The following Trusts and Inheritance Tax guidance note Produced by Tolley in association with Richard Frimston at Russell-Cooke Solicitors provides comprehensive and up to date tax information covering:
Devolution of an individual’s estate on death is determined by the law of succession in the relevant jurisdiction. The question of which succession law applies is determined by the individual’s connection to the state. Different states use different connecting factors.
This guidance note highlights some of the differences in connecting factors and outlines some of the variable features of succession law in foreign jurisdictions.
The provisions of a Will made in one country may be precluded by features of the succession law in another, eg forced heirship. If no will exists or in the case of partial intestacy, it will be necessary to establish which intestacy law applies using the relevant connecting factor.
Domicile of the deceased is used as the connecting factor in the UK, Ireland, many Commonwealth Countries and USA, but the specific definitions of key aspects of domicile will often vary between the various jurisdictions.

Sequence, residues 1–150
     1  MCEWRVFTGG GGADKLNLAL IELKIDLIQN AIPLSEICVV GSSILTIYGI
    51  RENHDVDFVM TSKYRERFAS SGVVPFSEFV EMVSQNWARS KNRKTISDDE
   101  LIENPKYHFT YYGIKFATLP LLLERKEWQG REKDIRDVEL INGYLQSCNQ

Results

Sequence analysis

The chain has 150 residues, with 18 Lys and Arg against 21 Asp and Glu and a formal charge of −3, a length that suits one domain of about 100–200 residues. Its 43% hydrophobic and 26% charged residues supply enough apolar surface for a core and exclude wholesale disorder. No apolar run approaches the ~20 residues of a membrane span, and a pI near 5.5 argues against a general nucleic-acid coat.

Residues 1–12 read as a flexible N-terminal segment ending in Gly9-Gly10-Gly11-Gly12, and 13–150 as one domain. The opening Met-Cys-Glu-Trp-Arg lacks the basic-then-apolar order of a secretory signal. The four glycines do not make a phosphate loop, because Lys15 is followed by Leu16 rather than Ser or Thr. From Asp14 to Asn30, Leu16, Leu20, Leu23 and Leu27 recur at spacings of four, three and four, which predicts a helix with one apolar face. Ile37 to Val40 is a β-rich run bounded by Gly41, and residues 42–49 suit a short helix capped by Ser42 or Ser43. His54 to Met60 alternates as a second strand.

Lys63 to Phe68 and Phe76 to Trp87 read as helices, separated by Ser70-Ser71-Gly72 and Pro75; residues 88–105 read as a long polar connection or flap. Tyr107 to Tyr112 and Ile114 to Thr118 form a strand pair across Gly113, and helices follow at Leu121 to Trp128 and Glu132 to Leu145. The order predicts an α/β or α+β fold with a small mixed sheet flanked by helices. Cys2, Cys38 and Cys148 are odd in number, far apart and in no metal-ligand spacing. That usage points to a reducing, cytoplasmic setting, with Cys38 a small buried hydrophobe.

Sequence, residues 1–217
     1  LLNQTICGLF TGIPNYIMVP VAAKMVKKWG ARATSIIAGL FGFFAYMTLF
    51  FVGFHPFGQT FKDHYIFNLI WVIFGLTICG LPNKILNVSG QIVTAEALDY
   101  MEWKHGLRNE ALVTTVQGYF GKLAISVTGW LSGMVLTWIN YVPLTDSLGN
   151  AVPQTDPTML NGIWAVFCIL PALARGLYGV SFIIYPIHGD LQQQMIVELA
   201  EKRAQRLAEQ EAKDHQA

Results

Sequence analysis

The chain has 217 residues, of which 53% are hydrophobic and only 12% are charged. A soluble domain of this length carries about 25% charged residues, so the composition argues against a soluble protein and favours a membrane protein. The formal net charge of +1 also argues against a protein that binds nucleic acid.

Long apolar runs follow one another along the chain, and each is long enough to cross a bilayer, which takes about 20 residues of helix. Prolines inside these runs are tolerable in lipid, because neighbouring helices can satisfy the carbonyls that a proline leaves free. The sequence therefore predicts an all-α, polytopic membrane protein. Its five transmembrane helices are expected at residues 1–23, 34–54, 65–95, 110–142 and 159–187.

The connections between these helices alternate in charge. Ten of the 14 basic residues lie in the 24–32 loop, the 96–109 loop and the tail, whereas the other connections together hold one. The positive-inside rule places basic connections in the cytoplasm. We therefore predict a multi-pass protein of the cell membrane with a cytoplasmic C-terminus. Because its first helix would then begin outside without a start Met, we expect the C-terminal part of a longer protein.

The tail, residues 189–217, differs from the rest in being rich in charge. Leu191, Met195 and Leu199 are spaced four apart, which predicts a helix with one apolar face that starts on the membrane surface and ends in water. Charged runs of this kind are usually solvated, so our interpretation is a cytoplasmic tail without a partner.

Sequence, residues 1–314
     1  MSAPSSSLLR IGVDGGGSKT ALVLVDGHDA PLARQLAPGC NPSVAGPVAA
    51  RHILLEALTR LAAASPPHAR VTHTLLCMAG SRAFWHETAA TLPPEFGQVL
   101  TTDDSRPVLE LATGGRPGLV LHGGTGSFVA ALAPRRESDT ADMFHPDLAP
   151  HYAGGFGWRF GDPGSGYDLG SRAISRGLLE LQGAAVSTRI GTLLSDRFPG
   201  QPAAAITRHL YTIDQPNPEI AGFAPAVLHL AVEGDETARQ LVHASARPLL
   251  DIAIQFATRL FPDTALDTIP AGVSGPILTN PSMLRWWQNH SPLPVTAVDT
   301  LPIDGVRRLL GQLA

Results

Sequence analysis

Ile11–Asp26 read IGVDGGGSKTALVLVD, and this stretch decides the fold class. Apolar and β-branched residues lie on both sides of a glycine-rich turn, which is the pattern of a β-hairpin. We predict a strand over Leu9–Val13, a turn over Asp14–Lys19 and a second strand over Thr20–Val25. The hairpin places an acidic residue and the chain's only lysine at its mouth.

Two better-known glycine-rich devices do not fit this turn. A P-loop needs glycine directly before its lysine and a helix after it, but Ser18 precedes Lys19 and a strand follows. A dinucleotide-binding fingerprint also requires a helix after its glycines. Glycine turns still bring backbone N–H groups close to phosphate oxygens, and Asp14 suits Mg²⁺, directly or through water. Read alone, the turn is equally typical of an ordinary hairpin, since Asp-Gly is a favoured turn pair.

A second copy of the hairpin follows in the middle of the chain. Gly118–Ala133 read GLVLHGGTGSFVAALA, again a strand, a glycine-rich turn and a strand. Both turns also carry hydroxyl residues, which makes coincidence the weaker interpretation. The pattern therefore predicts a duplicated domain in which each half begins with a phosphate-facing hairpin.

For example, all the following are interpreted differently in the individual states and may result in divergent decisions being made:
domicile of origin
domicile of dependency
domicile of choice
questions as to legality of residence
whether a domicile of origin revives
how domicile applies to persons without mental capacity
The law in Scotland is different to that of the remainder of the United Kingdom.
Barlow Clowes International Limited and others v Henwood is a useful summary of the law of domicile in England and Wales.
The Law Reform Commission of Hong Kong Report on Rules for Determining Domicile of April 2005 is an excellent summary of the law of domicile in other jurisdictions. See http://www.hkreform.gov.hk/en/publications/rdomicile.htm.
France, Belgium, Denmark, Luxembourg and Switzerland use the residence of the deceased as the connecting factor.
Residence is commonly defined as being for more than 6 months in any one year, but consideration is also given to questions of the centre of a person’s business, social and family life alongside an element of intention. France, Belgium and Switzerland
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